Also, how do you represent DB NULL values? Do you always use Object or you can use primitive types (e.g. "Integer" vs "int")?

    Thanks for the reply.
  7. Granularity of tracking[ Go to top ]

    Currently, we flag the whole SVO as dirty when it has been modified on a single field. The main reason is that we rarely use VOs with 100 fields. We prefer composing a graph of small specialized VOs. Then when one is marked as dirty, we must persist the modification so it doesn't really matter to go deeper in the analysis.

    The SVO can use primitive types.

    The correspondance for the DB NULL values is a null object. For instance, a NUMERIC type will be represented by Long instead of a primitive long allowing to distinguish the 0 and the null values.

    Gaetan Zoritchak,
  8. Granularity of tracking[ Go to top ]

    Gaetan,

    What is the benefit of using SVO's over factory driven DTO's?

    For example, let's say I have a Web form, which requires a set of objects to update. First, I'll send the request to the server along with a list of required fields. Secondly, a DTO factory would iterate the field list and create the dynamic objects. Thirdly, the dynamic objects would "get" the data from the entity domains. Finally, the dynamic objects, which are a graph image of the entity domain is return to the Web form.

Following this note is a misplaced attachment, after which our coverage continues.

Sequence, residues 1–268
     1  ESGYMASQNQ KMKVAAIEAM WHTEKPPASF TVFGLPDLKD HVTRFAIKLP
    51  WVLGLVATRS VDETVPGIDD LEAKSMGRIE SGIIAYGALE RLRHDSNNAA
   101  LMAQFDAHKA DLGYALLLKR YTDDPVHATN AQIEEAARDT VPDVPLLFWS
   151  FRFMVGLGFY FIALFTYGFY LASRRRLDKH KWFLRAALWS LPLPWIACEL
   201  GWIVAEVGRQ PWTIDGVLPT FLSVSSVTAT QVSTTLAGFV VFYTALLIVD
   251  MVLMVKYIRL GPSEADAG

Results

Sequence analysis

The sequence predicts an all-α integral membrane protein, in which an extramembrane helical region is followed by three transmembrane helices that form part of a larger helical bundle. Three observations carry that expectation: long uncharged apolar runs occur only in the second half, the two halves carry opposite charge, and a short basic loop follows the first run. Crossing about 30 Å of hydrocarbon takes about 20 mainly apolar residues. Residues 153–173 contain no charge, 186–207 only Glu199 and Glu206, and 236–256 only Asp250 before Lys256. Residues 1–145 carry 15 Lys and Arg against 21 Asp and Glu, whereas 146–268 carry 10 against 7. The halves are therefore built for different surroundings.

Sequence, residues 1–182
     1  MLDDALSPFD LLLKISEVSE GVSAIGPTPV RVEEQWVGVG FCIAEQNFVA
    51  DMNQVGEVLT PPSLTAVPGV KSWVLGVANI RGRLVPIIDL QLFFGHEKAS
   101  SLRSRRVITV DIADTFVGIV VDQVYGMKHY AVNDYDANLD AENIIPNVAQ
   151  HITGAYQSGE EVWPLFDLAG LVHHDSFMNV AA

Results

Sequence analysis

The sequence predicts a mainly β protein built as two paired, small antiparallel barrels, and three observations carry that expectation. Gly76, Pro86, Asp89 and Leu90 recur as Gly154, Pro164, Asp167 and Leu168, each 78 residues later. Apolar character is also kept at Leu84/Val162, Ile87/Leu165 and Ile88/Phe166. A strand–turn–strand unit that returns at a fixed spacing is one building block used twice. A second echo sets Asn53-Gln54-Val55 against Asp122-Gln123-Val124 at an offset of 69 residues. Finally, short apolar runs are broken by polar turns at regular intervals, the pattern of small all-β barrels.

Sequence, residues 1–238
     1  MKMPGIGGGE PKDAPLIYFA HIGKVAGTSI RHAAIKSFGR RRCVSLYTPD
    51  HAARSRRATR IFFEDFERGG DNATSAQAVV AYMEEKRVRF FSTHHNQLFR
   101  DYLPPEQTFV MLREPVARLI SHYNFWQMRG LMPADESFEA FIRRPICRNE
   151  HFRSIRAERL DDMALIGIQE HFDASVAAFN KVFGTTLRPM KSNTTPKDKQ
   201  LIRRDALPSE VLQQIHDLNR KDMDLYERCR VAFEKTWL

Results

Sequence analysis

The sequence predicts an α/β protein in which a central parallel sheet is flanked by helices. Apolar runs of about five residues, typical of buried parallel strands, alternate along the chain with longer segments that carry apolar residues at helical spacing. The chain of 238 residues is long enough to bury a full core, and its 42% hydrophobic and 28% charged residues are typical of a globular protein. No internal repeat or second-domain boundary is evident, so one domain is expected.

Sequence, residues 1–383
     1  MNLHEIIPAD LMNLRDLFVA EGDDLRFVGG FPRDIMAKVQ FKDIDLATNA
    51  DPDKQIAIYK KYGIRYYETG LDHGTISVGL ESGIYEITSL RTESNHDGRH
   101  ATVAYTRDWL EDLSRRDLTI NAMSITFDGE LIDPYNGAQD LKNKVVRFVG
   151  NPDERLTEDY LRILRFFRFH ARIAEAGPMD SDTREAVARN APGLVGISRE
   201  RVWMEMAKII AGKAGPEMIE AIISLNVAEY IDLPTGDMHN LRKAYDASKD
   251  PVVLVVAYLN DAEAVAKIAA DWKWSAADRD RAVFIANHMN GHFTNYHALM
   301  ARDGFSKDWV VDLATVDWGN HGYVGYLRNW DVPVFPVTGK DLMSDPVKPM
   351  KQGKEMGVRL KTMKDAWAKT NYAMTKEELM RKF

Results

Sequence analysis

If the graph image is updated then the specific object within the graph is flag for update. Also, the application server ( Weblogic ) could check for deltas and only apply the changed fields.

    Note:
    The above scenario works with a Cocoon Web interface layer, so reading dynamic objects graphs are simple.

    Also, an added overhead of sending a "known" list of fields to the server is required. But, no big deal because you got to know this anyway...

    How does your SVO compare with BEA'a and IBM's SDO specification?

    I really appreciate your efforts regarding the "distributed" data object opportunities; this surely is disconcerting "real world" J2EE projects out there.
  9. SVO vs SDO specification[ Go to top ]

    Hi George,